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Rothbart paper on hospital responses to regulatory changes published in JPART

Aug 4, 2021

Do Minimum Charity Care Provision Requirements Increase Nonprofit Hospital Performance? Examining Hospitals’ Responses to Regulatory Changes

Michah W. Rothbart & Nara Yoon

Journal of Public Administration Research and Theory, July 2021

Michah Rothbart

Michah W. Rothbart

Institutional form is believed to influence organizational behavior and performance in producing collective goods such as healthcare services. Recent efforts in the United States seek to increase healthcare services provided by hospitals, but it is unclear whether and how these organizations respond to the policy changes.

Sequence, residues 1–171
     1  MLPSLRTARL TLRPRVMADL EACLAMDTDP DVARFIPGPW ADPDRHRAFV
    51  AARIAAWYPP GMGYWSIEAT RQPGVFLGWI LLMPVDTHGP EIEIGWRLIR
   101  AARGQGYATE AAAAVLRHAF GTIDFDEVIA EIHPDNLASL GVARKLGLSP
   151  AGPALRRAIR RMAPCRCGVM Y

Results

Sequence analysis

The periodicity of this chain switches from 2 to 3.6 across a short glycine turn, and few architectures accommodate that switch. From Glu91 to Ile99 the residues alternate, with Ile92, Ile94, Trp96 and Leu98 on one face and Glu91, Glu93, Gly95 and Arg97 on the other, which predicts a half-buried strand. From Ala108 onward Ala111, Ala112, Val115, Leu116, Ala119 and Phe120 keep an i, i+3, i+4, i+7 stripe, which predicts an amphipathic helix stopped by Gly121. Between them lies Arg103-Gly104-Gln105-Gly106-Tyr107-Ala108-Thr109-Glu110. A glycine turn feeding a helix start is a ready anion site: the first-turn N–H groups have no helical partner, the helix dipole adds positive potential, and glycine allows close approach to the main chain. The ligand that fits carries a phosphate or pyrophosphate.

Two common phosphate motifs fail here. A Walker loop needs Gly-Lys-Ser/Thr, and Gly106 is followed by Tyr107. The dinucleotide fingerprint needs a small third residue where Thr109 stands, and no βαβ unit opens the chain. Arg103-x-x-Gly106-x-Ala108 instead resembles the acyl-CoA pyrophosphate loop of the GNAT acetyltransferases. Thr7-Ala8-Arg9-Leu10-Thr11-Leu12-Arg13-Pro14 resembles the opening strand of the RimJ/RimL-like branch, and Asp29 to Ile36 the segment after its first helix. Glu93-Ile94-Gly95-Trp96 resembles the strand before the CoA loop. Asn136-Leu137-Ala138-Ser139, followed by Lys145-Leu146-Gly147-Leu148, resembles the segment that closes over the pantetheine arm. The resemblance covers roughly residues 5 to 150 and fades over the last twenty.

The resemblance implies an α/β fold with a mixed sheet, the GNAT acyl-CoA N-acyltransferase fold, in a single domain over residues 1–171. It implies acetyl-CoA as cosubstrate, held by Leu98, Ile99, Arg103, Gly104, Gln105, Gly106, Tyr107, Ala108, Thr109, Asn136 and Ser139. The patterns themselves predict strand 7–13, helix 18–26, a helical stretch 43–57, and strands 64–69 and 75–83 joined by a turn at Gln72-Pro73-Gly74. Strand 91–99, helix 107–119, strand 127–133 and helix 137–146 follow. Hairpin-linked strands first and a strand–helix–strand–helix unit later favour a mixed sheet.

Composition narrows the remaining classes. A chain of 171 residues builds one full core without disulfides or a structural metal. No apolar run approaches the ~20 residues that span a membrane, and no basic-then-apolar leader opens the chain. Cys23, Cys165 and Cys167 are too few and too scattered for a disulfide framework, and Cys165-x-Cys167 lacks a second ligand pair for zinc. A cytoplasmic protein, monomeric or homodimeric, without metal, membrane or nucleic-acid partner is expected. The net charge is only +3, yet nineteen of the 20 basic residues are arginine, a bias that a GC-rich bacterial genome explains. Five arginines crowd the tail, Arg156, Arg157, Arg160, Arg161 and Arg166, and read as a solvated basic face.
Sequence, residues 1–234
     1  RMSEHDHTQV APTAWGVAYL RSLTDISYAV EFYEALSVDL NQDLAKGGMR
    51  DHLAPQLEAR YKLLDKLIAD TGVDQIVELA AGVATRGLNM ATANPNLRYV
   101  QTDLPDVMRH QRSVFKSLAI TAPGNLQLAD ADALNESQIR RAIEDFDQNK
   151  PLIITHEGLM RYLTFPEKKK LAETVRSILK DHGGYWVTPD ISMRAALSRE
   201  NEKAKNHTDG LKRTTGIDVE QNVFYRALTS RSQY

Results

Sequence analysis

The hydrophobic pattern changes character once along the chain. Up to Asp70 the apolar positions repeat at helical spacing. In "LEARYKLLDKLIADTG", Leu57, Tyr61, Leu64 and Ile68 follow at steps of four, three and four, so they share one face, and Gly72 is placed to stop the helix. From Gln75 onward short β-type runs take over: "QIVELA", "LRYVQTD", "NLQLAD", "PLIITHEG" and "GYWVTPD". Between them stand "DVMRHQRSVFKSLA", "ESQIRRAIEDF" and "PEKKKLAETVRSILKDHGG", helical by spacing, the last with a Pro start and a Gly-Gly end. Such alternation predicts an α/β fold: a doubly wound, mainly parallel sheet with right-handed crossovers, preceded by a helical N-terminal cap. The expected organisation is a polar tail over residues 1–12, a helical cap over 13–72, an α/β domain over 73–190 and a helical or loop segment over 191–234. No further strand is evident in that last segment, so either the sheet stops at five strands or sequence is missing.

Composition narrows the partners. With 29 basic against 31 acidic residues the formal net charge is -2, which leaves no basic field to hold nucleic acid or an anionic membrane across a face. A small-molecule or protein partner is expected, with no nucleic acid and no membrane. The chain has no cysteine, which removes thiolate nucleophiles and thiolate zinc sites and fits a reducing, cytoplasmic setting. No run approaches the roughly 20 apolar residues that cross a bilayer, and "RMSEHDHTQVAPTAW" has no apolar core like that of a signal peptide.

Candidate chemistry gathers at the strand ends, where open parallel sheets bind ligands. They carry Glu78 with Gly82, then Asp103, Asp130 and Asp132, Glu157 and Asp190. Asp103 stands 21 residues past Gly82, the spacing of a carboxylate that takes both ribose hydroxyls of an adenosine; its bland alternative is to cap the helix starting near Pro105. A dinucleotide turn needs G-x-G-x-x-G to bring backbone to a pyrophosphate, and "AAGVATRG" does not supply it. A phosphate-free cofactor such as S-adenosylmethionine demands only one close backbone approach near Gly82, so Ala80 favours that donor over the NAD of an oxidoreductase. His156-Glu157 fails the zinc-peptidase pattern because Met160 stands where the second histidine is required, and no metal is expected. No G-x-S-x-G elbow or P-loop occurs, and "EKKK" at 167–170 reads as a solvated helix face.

This study examines the extent to which nonprofit hospitals change their provision of charity care in response to a regulatory policy specifying a target benchmark aimed at expanding charitable obligations. Specifically, it focuses on the minimum charity care provision (MCCP) requirements in Illinois. Importantly, unlike previous research, it differentiates between hospitals facing minimum charity care spending requirements (nonprofits) and those not (for-profit and public).

Using panel data from Illinois’ Annual Hospital Questionnaire and county data from the American Community Survey, the study employs a differences-in-differences model. It finds no evidence that nonprofit hospitals increase charity care in response to the MCCP requirements on average. Instead, it finds that there is heterogeneity in responses; hospitals providing low levels of charity care prior to the policy increase charity care, while hospitals providing high levels of charity care prior to the policy do not respond or, if anything, decrease charity care. Thus, while regulations that set low-target benchmarks provide insufficient incentives for nonprofit hospitals to increase charity care on average, explicit policy mandates that reduce directive goal ambiguity may still narrow gaps in performance.